In the last few weeks alone, New York City Mayor Michael Bloomberg's gun control group, Mayors Against Illegal Guns, has been busy.
It launched a $12 million television ad campaign; announced the opening of field offices in 10 states; posted multiple job listings for its digital team; stepped up its lobbying efforts in Washington; released new infographics, maps and research on gun sales and background checks; and held a national day against gun violence which it called the "largest gun violence prevention advocacy event in history." It's also planning national events on April 13 in at least two dozen states. "We work on the weekends ... we work day and night," said the group's spokeswoman Erika Soto Lamb. "The next two weeks are incredibly important for us. Everything is on table."
Mayors Against Illegal Guns has been pressuring vulnerable lawmakers to vote for legislation that increases restrictions on gun purchases. The Senate is set to take up new gun legislation when it returns to Washington Monday, but its prospects for success are in doubt.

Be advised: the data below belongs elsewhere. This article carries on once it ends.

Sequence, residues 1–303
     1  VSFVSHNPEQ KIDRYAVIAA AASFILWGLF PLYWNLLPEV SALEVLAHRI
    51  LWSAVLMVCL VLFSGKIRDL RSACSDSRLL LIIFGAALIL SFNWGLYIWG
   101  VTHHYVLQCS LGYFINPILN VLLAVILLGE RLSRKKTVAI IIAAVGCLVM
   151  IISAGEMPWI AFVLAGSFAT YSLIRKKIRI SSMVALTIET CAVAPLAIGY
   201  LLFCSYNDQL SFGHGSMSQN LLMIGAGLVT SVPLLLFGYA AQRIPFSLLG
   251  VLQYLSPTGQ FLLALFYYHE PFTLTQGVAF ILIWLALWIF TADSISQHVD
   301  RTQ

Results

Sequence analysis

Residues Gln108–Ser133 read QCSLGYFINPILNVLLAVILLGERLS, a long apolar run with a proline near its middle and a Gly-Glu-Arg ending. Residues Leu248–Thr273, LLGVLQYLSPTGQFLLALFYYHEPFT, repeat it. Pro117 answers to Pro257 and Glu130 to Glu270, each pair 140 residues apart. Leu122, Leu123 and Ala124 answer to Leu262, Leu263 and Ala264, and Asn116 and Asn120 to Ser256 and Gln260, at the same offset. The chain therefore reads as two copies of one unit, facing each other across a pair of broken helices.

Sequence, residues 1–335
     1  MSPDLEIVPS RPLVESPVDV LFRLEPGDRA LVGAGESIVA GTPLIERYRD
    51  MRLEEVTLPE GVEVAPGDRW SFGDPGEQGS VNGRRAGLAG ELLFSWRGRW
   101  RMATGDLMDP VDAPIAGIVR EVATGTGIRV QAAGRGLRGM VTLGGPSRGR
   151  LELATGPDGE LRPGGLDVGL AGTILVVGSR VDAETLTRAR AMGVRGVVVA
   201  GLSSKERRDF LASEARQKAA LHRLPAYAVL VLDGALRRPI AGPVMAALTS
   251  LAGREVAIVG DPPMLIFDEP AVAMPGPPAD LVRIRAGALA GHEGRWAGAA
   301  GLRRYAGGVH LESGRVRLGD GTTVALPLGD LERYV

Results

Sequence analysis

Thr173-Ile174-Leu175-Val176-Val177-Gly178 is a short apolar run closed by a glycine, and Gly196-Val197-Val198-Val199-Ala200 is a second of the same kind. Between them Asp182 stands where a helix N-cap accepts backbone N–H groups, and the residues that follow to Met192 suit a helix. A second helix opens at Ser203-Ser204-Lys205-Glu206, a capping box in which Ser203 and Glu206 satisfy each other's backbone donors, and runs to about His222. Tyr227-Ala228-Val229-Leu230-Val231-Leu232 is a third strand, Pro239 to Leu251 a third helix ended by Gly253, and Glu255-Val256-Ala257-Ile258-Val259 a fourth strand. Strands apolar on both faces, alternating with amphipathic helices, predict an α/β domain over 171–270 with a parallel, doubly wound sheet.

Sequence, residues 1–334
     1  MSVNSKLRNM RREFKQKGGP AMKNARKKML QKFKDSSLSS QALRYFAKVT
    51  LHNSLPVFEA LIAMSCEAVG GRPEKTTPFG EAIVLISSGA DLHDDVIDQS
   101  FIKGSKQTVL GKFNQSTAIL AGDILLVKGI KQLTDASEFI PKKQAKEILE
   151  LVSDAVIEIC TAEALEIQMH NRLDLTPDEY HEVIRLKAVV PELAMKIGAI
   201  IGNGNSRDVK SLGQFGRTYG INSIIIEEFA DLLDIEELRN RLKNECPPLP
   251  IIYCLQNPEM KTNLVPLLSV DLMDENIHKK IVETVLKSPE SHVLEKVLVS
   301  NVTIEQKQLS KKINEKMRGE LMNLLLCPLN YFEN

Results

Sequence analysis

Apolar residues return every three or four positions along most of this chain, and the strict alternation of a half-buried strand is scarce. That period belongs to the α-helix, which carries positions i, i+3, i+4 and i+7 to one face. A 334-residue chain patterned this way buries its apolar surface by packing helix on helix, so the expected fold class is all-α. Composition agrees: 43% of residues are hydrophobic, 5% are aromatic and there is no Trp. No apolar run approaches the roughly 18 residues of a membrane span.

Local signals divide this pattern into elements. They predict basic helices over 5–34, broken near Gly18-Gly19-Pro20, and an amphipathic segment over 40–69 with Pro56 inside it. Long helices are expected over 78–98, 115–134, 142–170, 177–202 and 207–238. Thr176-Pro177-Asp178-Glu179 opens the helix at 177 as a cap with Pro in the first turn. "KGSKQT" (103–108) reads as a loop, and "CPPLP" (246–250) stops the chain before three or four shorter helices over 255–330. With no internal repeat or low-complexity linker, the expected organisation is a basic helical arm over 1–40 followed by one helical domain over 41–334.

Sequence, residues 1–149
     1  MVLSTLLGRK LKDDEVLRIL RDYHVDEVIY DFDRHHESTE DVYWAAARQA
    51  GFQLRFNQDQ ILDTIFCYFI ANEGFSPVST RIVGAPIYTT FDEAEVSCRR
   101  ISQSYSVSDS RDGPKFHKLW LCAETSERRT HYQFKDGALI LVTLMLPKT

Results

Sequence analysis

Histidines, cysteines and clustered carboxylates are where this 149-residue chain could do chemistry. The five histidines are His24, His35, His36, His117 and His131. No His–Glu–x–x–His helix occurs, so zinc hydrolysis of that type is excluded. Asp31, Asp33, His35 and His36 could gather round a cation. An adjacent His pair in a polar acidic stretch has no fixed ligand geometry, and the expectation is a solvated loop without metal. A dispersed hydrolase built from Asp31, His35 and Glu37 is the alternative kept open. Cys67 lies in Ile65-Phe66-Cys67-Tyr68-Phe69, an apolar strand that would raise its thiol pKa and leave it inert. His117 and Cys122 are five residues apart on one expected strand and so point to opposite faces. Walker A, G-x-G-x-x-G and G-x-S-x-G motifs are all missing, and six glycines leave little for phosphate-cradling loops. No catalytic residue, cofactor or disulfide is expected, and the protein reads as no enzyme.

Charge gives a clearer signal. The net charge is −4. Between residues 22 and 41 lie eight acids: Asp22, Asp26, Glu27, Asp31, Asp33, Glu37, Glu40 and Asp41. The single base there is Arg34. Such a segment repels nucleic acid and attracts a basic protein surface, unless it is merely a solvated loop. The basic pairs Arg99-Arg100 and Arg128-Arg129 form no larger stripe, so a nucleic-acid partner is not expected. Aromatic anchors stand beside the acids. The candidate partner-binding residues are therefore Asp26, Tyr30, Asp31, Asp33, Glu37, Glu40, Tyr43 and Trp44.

But it won't be for lack of money and manpower by groups like Mayors Against Illegal Guns. Since it was founded in 2006 by Bloomberg and Boston Mayor Thomas Menino, the group has grown to a membership of more than 900 mayors (out of nearly 20,000 mayors or municipal chiefs nationwide).
After the shooting at Newtown, Conn., in December, donations spiked, its supporter list snowballed and social media following multiplied, according to the group. And it claims to have created the biggest field campaign to prevent gun violence in history, citing 1.4 million "grassroots" supporters.
But gun control opponents say Bloomberg's group is overstating its might.
"It takes a billionaire to make a presence in the debate for the anti-second amendment arguments," says Larry Pratt, executive director of Gun Owners of America, in reference to Bloomberg's wealth. Forbes recently estimated Bloomberg's net worth at $27 billion. "I seriously doubt the [grassroots] claim. It's not very credible if its all coming from essentially one person," he said.
But Mayors Against Illegal Guns isn't concerned with its detractors. No matter what happens with proposed gun control legislation next week, Lamb says the group will continue to keep growing.
"We're not packing our stuff," she said. "Even if we pass a gun reform bill, there will still be a problem with gun violence in our country. And we're committing to decreasing the number of people killed by gun violence every day."